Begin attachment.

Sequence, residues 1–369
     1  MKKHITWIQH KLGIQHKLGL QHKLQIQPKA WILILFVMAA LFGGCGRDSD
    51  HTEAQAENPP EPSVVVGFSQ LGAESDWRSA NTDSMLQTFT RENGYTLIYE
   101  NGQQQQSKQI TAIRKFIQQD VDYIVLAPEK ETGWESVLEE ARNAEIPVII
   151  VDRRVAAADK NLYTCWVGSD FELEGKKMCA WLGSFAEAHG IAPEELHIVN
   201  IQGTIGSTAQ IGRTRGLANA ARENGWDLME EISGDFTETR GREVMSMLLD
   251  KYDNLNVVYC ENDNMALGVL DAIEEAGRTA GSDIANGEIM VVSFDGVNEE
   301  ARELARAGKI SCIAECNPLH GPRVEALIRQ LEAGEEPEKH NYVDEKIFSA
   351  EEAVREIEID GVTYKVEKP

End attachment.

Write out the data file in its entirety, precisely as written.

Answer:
Sequence, residues 1–369
     1  MKKHITWIQH KLGIQHKLGL QHKLQIQPKA WILILFVMAA LFGGCGRDSD
    51  HTEAQAENPP EPSVVVGFSQ LGAESDWRSA NTDSMLQTFT RENGYTLIYE
   101  NGQQQQSKQI TAIRKFIQQD VDYIVLAPEK ETGWESVLEE ARNAEIPVII
   151  VDRRVAAADK NLYTCWVGSD FELEGKKMCA WLGSFAEAHG IAPEELHIVN
   201  IQGTIGSTAQ IGRTRGLANA ARENGWDLME EISGDFTETR GREVMSMLLD
   251  KYDNLNVVYC ENDNMALGVL DAIEEAGRTA GSDIANGEIM VVSFDGVNEE
   301  ARELARAGKI SCIAECNPLH GPRVEALIRQ LEAGEEPEKH NYVDEKIFSA
   351  EEAVREIEID GVTYKVEKP